in the absence of aryl iodides is consistent with
the Pd(II)/Pd(IV) pathway in which Pd(II) cleaves
the C–H bond first and subsequently undergoes
oxidative addition with an aryl iodide (26). We have
found that intermediate A reacts with iodobenzene
stoichiometrically to provide 2 (see supplementary
materials). However, the addition of TFA is required for this transformation, presumably to facilitate the dissociation of one of the pyridine ligands.
These intermediates are viable precatalysts for primary and secondary C(sp3)–H arylation, respectively (Fig. 6B). These rare and valuable C(sp3)–H
insertion intermediates provide a promising platform for further kinetic and computational study
of elementary steps in a well-defined manner.
References and Notes
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Acknowledgments: We gratefully acknowledge The Scripps
Research Institute, the NIH (National Institute of
General Medical Sciences, grant 2R01GM084019),
and Bristol-Myers Squibb for financial support. H.F. is
a visiting scholar sponsored by Sichuan University.
J.H. developed C(sp3)–H arylation and olefination and
conducted most of the experiments; S.L. synthesized
quinoline ligands; Y.D., H.F., B.N.L., and J.E.S. performed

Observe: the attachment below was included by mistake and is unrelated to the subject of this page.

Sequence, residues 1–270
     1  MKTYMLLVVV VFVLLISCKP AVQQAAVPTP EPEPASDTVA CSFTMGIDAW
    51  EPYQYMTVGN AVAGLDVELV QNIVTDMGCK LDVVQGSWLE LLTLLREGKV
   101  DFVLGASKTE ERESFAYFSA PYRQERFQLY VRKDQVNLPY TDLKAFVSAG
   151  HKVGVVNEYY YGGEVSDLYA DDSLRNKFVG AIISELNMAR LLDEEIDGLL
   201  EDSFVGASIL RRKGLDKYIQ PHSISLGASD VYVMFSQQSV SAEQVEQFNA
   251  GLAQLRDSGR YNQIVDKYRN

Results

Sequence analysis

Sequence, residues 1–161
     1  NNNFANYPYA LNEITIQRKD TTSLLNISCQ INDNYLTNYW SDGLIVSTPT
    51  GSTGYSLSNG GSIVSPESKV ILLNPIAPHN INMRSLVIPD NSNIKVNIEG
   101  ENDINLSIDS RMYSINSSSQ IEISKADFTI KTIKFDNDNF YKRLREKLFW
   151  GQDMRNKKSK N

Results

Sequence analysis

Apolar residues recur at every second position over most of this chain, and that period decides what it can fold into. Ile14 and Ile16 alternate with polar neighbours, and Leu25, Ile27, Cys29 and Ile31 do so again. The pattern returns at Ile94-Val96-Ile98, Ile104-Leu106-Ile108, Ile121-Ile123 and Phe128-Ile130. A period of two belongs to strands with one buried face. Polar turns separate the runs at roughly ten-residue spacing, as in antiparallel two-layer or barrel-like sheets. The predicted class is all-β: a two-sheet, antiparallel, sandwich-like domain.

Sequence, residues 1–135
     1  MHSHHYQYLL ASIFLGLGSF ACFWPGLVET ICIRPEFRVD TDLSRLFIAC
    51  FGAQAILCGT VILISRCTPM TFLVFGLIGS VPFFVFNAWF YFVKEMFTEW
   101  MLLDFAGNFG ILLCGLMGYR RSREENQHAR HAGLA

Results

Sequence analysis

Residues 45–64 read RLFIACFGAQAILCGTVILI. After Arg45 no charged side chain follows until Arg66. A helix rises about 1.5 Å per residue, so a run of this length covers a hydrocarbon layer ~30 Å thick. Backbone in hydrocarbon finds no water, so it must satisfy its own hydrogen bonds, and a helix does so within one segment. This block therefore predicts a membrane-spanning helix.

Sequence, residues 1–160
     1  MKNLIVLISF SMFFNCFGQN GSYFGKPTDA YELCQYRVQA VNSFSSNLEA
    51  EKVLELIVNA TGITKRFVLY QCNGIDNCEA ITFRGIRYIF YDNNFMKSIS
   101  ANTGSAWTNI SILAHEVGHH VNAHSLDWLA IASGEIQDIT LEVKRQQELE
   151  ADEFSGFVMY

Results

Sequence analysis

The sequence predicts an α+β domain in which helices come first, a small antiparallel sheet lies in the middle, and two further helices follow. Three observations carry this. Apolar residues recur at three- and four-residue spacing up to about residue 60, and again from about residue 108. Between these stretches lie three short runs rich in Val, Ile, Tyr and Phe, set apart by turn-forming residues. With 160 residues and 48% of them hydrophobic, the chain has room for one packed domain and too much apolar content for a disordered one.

large-scale reactions; A.H. obtained the crystal structures
shown in Fig. 6; and J.-Q. Y. directed the project. Metrical
parameters for the structures of 7f, intermediate A,
and intermediate B are available free of charge from
the Cambridge Crystallographic Data Centre under
reference numbers CCDC-985675, -985676, and
-985677, respectively. A provisional patent application
has been filed and is available under patent application
no. U.S. 61/946165.
Figs. S1 to S3
Tables S1 to S6
2 December 2013; accepted 19 February 2014
Fig. 6. Mechanistic studies. (A) Synthesis and crystallography of primary and secondary C(sp3)–H activation intermediates. Oak Ridge thermal
ellipsoid plots (30% probability ellipsoids) of intermediate A and intermediate B are shown. (B) Catalytic reactivity of intermediates in C(sp3)–H